HIKARI’s “37 Seconds” illustrates the experience of a young woman living with cerebral palsy

37 Seconds, the first feature film by Japanese-born filmmaker HIKARI, addresses the important and often overlooked issues of the rights and agency of people living with disabilities. The film is the first Japanese feature to present a woman living with a disability as its primary subject. 37 Seconds is a radical departure from other films about persons living with disabilities, given the candor, sensitivity, and humor with which it addresses the sexual agency and desire of its subjects.

The film focuses on the story of Yuma, a talented 23-year-old manga artist living with cerebral palsy. Yuma creates illustrations for her cousin Sayaka, a YouTube personality, who takes all of the credit for Yuma’s artwork and inspiration. With aspirations to have a career as a solo artist, Yuma submits artwork to a publisher specializing in adult stories but is told she must gain more “experience” to be successful. The film follows Yuma’s journey of self-discovery and exploration of sexuality, human connection, and her own physical and creative autonomy.

At the start of her process for writing 37 Seconds, HIKARI conducted interviews with many women living with disabilities. She says that it was important to her to create a film that supported people with disabilities: “As a director, I want to make this world a better place with my work. Whatever I want to put my hands on has to have a meaning.” Her interview subjects included Mei Kayama, who makes her acting debut as Yuma; it was in part Mei’s experiences of living with cerebral palsy that inspired HIKARI to write her protagonist as a woman living with the condition.

Filmmaker, director, and cinematographer HIKARI arrived in the United States at the age of 17, having moved from Japan by herself, knowing that she wanted to pursue a career in the arts. She finished high school in Utah, living with a host family before completing her bachelor’s in theater arts, dance performance, and fine arts at Southern Utah University. HIKARI practiced freelance photography after college as a means of supporting herself while pursuing permanent residency in the United States. Struck by cinematographic approaches to photography, her passion led to a master’s in film at the University of Southern California. HIKARI’s student film Tsuyako visited over 100 festivals worldwide (including the Hawai’i International Film Festival) and received 47 awards.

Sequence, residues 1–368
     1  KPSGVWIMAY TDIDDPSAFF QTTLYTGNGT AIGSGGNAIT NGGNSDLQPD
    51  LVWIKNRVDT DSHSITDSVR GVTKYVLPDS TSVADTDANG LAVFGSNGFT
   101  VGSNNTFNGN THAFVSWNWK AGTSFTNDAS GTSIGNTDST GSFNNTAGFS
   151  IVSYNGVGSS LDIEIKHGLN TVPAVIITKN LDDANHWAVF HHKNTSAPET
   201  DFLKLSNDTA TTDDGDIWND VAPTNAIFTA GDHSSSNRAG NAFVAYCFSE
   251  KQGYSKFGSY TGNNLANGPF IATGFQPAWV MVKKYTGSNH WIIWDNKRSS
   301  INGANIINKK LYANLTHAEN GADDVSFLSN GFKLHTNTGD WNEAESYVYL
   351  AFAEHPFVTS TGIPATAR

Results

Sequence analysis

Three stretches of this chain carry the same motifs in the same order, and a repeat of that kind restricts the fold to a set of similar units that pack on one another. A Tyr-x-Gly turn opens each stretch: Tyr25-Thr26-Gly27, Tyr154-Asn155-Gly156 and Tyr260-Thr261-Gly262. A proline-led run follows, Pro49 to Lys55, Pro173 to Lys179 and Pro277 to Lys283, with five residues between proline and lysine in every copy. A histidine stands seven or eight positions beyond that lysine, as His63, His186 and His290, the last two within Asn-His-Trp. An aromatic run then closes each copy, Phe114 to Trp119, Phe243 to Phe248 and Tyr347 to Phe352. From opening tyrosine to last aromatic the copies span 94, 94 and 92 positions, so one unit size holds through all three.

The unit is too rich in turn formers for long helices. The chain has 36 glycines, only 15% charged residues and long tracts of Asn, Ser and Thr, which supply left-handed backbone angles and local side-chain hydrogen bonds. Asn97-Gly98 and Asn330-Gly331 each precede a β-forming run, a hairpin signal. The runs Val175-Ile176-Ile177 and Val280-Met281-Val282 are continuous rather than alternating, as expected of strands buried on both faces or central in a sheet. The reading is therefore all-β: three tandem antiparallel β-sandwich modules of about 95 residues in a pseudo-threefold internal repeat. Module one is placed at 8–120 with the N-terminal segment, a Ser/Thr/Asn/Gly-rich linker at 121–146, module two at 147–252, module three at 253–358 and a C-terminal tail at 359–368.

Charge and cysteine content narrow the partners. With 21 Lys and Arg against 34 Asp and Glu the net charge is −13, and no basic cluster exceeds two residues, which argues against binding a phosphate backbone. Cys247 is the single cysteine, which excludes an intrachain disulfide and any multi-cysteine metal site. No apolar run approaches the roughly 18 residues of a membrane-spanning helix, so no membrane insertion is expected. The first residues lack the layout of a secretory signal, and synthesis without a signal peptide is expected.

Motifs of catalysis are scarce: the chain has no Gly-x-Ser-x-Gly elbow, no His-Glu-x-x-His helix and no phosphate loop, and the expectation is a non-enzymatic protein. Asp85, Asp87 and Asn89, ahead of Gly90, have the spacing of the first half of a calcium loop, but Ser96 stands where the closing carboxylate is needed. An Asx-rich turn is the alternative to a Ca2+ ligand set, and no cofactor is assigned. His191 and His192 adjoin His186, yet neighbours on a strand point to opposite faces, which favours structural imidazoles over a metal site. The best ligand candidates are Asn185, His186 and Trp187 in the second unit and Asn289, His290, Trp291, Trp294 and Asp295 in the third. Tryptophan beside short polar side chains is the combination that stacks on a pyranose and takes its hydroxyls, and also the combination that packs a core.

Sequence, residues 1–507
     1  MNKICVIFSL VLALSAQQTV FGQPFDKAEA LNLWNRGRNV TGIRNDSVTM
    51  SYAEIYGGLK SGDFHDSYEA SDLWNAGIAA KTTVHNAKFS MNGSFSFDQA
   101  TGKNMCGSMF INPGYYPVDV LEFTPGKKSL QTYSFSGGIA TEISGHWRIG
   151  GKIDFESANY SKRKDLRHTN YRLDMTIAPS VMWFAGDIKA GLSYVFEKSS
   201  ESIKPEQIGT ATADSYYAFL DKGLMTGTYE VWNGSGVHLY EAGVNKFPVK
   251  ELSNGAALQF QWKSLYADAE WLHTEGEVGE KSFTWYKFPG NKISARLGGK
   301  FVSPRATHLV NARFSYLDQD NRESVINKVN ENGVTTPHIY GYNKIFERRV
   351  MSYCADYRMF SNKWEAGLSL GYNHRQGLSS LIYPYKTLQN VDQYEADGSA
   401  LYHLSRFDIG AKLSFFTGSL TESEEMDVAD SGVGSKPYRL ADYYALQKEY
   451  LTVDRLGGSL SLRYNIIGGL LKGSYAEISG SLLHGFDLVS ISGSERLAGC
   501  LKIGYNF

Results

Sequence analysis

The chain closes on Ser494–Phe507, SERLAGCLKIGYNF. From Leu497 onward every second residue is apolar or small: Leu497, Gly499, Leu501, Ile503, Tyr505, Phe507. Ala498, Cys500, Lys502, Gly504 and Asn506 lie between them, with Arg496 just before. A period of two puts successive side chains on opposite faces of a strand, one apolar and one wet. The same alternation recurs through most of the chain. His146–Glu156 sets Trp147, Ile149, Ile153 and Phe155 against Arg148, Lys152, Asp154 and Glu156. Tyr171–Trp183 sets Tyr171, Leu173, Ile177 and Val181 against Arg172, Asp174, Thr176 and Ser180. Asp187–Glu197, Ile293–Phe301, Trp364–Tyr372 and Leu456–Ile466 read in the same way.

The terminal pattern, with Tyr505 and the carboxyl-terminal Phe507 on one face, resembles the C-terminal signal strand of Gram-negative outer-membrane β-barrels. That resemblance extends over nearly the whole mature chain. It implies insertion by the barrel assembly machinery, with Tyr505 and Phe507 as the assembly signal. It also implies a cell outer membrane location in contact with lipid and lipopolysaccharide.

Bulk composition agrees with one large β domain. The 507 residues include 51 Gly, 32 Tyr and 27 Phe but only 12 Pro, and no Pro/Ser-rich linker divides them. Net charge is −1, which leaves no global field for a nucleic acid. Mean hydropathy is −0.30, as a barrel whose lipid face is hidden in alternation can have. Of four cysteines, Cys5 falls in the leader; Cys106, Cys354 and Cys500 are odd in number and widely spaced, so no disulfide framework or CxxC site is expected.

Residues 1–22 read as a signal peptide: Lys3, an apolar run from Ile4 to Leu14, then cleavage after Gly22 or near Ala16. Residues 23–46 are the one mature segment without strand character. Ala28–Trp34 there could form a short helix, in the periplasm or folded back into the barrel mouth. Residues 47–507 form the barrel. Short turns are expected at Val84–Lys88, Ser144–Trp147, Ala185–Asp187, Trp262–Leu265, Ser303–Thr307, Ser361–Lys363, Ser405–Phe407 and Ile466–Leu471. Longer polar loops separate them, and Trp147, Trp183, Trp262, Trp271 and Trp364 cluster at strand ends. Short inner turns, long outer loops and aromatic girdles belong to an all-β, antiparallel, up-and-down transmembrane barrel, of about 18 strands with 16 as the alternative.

37 Seconds debuted at the Berlin International Film Festival this year, where it won the Audience Award and the International Confederation of Art Cinema’s Art Cinema Award. HIKARI and her film are featured as part of the Vilcek Foundation’s New American Perspectives program at the 39th Annual Hawai’i International Film Festival (HIFF). 37 Seconds is nominated for HIFF’s prestigious Kau Ka Hōkū Award, which is presented to filmmakers for excellence in their first and second feature films.



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